RegionsEEACredit Suisse maintains its “zero tolerance” for tax evasion

Credit Suisse maintains its “zero tolerance” for tax evasion

The Swiss financial services group launched a press campaign across Europe insisting that it has no wish to work with clients seeking to avoid tax.

Credit Suisse, which last week confirmed that it is under investigation by tax authorities in the UK, France and the Netherlands, has launched a European press campaign insisting that it has “zero tolerance” for tax evasion.

The bank followed up adverts in leading British papers on Sunday with a pan-European campaign yesterday that declared: “Credit Suisse applies a strict zero tolerance policy and wishes to conduct business with clients that have paid their taxes and fully declared their assets.” It added that the group complies “with all applicable laws” in areas where it operates.

At the end of last month, authorities in Europe and Australia announced a coordinated tax fraud and money laundering investigation involving hundreds of potential suspects across five countries.

Over the weekend, Credit Suisse’s head of international wealth management, Iqbal Khan, told the Bloomberg news agency that he understood the investigation was  focused on the bank’s clients. He said that he was surprised by the timing of the probe since Credit Suisse had “taken a proactive stance” against tax evasion in Europe.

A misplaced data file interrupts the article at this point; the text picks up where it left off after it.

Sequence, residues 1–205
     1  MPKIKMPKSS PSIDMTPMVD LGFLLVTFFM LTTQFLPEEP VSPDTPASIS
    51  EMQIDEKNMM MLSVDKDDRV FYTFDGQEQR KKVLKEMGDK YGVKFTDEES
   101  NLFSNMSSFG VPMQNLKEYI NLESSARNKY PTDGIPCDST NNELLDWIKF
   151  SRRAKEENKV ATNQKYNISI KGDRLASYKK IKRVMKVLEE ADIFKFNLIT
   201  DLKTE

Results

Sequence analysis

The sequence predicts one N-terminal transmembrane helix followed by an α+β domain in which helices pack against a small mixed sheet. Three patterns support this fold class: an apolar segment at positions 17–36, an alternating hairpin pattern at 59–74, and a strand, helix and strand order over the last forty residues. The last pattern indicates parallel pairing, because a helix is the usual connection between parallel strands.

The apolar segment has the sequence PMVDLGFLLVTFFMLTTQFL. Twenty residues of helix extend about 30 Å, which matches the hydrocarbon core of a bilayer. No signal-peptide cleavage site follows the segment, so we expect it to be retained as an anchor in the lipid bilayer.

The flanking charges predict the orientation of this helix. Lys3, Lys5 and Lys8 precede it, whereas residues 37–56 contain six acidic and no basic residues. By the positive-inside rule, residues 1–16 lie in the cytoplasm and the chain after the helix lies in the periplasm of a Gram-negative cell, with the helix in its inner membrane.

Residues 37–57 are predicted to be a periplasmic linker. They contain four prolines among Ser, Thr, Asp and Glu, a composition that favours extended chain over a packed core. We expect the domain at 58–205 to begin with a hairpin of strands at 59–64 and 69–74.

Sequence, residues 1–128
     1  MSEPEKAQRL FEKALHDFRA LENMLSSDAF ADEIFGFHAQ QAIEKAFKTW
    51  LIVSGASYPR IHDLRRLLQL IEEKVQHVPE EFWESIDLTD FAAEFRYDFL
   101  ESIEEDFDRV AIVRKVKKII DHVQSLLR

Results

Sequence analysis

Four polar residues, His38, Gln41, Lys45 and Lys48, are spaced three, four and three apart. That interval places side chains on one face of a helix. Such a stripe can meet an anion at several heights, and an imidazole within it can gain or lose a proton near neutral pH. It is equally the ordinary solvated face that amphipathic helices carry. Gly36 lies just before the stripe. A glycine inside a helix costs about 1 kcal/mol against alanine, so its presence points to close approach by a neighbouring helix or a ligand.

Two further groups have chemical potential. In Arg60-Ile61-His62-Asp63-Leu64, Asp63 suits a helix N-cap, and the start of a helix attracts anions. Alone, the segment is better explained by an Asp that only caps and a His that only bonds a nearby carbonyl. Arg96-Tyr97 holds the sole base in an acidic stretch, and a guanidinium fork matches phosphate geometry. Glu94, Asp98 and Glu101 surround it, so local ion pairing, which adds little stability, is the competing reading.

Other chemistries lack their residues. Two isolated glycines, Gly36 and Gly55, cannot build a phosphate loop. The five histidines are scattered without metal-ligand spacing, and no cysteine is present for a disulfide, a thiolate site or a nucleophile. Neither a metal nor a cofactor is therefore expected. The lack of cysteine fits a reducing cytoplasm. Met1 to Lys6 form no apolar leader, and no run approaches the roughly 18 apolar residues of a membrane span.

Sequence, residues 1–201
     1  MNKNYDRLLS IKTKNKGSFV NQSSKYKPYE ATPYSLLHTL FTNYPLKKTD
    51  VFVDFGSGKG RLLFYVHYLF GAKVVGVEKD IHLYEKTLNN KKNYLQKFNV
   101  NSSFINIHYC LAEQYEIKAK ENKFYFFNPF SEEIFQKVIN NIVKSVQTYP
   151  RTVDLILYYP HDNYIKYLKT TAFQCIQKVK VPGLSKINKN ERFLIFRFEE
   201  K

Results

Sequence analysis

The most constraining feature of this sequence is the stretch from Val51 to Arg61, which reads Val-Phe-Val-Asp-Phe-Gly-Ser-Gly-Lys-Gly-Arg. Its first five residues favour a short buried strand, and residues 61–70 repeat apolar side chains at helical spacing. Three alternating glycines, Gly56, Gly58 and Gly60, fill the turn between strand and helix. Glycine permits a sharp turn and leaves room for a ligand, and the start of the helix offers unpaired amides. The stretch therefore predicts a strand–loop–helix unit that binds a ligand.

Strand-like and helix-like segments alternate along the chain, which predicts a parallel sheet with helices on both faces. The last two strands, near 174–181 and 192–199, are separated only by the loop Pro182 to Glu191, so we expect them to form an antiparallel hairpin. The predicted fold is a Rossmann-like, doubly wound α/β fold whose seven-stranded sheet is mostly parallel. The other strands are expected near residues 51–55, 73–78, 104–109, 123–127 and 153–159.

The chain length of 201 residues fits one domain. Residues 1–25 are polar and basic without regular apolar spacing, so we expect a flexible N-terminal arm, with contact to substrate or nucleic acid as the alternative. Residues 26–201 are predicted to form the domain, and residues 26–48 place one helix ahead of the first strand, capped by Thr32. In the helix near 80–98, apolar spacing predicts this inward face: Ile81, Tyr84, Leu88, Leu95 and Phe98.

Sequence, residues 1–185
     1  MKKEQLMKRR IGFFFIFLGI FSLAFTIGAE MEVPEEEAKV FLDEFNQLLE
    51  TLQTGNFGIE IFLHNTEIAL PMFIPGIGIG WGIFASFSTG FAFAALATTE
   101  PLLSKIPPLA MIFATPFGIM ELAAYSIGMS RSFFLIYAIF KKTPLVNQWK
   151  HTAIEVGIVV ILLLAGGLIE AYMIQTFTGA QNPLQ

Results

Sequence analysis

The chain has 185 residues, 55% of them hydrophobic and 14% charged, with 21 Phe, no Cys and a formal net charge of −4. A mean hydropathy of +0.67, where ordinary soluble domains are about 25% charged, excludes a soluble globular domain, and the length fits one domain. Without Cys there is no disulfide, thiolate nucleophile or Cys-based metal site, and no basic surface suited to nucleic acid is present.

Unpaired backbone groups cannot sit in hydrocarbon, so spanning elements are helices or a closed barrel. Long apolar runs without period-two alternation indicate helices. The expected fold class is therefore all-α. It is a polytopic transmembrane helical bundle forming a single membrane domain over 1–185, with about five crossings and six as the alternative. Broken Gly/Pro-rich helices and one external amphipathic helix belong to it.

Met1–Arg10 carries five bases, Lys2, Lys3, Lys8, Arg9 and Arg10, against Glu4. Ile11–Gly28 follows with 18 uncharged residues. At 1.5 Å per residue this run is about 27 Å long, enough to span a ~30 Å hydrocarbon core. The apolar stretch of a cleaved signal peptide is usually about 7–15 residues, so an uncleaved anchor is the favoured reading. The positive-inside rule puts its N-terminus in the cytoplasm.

However, the claim was at odds with Her Majesty’s Revenue and Customs (HMRC) office in the UK, which stated that “senior employees” of a global financial institution were under investigation.

Credit Suisse has confirmed that local authorities searched its offices in London, Paris and Amsterdam last Thursday and it is cooperating with the probe.

The latest investigation is a setback for Credit Suisse’s chief executive officer (CEO), Tidjane Thiam, who is overseeing its attempts to recover from various legacy issues and trading losses. In January, the group agreed a US$5.3bn penalty with the US Department of Justice to settle an investigation into its involvement in selling toxic mortgage debt before the 2008 financial crisis. Deutsche Bank agreed a US$7.2bn settlement with the DoJ to resolve similar litigation.

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